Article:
Humanity has always depended on its relationship to the sun. It has been worshipped since we were first capable of rational thought and mythologized in an attempt to understand our own existence. Its light has warmed us and allowed us to find food, make shelters, and build civilizations. Now, a group of researchers from the University of Texas has found our sun’s sister, a star born from the same solar nursery as our own. They named it HD 162826. Surely, a star with such a unique relationship to our own could be named something more exciting.
Our sun itself has been named by many different cultures. We have created whole lives of solar deities based on nothing but its pattern of rising and setting each day, its movements through the sky and around the moon. Ancient Egyptians called it Ra and worshipped it as a figure of creation. In Greece, its duties were divided between different deities: Alectrona of the morning, Apollo god of light, the sun, and healing, Hercules a solar hero, who journeys are the progress of the sun across the sky, and Helios, a Titan god of the sun. Persians called it Nahundi, a god of light and law, and Japanese made her female, Amaterasu, a goddess of the sun and the universe.
These days, the process of naming distant suns or galaxies is based on numbers that belie the reference points of that particular heavenly body. It has to be said that in general terms this is fair enough. It is the scientists who have the job of locating new stars and surely the easiest way to find them again is to use the name as a sort of compass point in the sky.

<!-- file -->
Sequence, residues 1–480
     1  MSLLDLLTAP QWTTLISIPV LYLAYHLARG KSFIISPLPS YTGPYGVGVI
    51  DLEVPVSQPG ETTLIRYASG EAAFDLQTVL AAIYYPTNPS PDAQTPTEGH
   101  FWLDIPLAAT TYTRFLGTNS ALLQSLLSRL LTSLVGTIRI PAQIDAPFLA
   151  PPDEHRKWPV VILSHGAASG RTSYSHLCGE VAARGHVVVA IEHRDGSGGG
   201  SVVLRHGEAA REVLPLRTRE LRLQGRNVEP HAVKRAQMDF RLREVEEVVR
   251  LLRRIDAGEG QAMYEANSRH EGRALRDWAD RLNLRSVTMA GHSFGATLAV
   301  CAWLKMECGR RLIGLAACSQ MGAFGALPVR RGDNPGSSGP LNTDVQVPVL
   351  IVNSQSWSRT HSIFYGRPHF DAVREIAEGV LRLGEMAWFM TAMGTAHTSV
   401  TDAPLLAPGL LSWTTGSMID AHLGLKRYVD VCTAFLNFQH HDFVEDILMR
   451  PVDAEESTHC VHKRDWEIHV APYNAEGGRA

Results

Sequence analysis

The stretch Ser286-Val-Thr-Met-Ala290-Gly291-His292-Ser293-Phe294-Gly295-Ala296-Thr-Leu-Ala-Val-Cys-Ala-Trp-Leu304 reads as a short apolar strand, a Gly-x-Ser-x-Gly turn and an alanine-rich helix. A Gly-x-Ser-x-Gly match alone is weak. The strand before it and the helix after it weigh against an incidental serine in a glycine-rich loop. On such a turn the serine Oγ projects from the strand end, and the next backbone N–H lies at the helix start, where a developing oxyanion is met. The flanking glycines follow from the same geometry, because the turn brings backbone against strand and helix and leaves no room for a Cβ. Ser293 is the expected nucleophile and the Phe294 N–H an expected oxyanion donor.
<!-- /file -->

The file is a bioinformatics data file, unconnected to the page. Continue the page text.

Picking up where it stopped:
For all the non-scientist types there are several organisations that sell the rights to the naming of a star. However, the price paid gives the buyer no legal right over that star’s name as astronomers do not recognise the names in any official capacity. In addition, most companies allow the stars to be named by several different people. Still the novelty and romance of naming stars is enough to keep such companies in business.
Thus, the naming of stars is something that is perhaps of greater significance to the everyday Joe than to the scientific community. However, in the case of finding this particular star, the sister to our own, it would be nice if an exception was made to name the sun something more exciting than just a list of coordinates.
The solar sibling was found by a team of scientists who went actively looking for heavenly objects that might have the same make up as our own. They complied a list of 30 such stars using data based on high-resolution spectroscopy and information about orbit patterns and dynamics. HD 162826 is 110 light years away, which the head of the team of researchers, astronomer Ivan Ramirez, has reportedly called relatively close. Ramirez has also stated that it does not appear that there are any massive planets that correlate to our Jupiter, but it is possible that the region could support a planet with terrestrial life. Ramirez and his team are now hoping to build a solar family tree in an effort to understand the birth of our own sun.
The discovered sister star is said to be larger than our own and located in the constellation group, Hercules. The relation of Hercules to the sun myth is somehow fitting. Perhaps, it could be named something that might mean Hercules the elder, given its relative size and position. This would surely be a more exciting name and something fitting in regards to its incredible connection to our own source of life.
Opinion By Sara Watson